Breast Cancer Clinical Characteristics and Outcomes in Trinidad and Tobago
J Immigr Minor Health
Trinidad and Tobago (TT) is the country with the highest breast cancer mortality in the Caribbean. It is unknown whether biological, behavioral, environmental, or clinical factors play a significant role in such outcome. A total of 2,614 incident cases, histologically confirmed and recorded in the TT cancer registries between 1995 and 2005, with follow-up through 2009 were analyzed. Half of the cases were diagnosed between the ages of 40-59 years, 12.5 % before the age of 40 years; 45 % of women were diagnosed at localized stage and 43.7 % were hormone receptor positive. Women diagnosed with distant staging were more likely to undergo chemotherapy compared to those with localized staging (OR 1.39; 95 % CI 1.01-1.89). Hormone receptor negative cases were significantly less likely to undergo radiation or surgery therapy (OR 0.66; 95 % CI 0.56-0.79 and OR 0.67; 95 % CI 0.51-0.88 respectively) compared to those who were hormone receptor positive, but more than 1.5 times as likely to undergo chemotherapy. In multivariate analyses, advanced stage disease and negative hormone receptor status were independently significantly associated with poorer survival outcome. No racial/ethnic differences were observed with respect to treatment or survival. Although access to breast cancer screening and treatment is free in Trinidad and Tobago, breast cancer diagnosis occurs at advanced stages; use of multimodality therapy as a first course of treatment is low.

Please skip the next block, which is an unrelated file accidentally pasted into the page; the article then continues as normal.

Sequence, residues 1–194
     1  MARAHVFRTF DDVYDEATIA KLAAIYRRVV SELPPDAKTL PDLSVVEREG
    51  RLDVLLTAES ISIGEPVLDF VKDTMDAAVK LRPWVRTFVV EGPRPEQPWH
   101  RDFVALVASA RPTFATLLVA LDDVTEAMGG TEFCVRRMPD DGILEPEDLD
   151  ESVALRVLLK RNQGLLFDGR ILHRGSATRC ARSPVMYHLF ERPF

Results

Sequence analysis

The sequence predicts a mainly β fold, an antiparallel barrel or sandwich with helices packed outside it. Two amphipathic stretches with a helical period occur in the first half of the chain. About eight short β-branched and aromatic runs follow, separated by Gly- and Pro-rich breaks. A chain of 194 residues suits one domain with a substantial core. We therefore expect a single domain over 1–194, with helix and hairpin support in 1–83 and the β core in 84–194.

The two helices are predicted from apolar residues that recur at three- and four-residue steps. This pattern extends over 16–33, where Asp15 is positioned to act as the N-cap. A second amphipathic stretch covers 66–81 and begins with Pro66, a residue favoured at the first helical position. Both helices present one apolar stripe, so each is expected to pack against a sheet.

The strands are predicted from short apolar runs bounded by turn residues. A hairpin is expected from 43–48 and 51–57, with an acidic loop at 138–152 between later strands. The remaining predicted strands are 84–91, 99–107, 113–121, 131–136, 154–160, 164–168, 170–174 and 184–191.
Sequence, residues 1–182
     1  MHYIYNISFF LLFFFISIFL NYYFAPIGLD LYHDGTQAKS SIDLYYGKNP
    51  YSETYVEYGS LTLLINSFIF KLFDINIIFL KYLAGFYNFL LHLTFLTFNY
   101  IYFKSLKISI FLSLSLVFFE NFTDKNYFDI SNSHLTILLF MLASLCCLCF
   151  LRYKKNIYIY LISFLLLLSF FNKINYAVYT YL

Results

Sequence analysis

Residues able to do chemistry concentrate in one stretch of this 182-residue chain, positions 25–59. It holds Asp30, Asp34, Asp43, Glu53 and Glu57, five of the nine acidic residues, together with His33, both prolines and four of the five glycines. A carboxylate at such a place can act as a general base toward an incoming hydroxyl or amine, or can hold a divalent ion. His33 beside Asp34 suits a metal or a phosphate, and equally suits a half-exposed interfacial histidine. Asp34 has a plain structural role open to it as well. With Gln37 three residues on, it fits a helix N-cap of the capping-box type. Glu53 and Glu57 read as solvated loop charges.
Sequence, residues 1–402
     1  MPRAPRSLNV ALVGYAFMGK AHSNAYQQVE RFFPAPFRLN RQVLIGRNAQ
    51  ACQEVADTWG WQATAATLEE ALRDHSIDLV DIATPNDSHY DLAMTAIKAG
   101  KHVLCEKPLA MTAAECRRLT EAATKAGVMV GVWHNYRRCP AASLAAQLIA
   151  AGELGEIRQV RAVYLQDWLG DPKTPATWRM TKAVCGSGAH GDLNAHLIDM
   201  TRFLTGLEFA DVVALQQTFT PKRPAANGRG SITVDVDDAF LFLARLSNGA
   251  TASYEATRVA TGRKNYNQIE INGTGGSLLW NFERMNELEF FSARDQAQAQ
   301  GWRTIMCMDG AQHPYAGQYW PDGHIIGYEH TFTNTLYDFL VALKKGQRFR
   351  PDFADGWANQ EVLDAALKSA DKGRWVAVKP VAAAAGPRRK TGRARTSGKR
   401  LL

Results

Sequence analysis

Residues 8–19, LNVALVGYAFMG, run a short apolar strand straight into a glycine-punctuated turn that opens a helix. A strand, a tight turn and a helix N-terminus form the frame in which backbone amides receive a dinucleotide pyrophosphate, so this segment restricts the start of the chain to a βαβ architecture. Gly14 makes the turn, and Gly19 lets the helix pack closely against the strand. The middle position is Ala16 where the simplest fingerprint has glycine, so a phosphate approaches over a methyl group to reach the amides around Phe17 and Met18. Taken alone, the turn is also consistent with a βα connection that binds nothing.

Faculty, Northwell Researcher
School of Medicine; Northwell Health
Occupational Medicine, Epidemiology and Prevention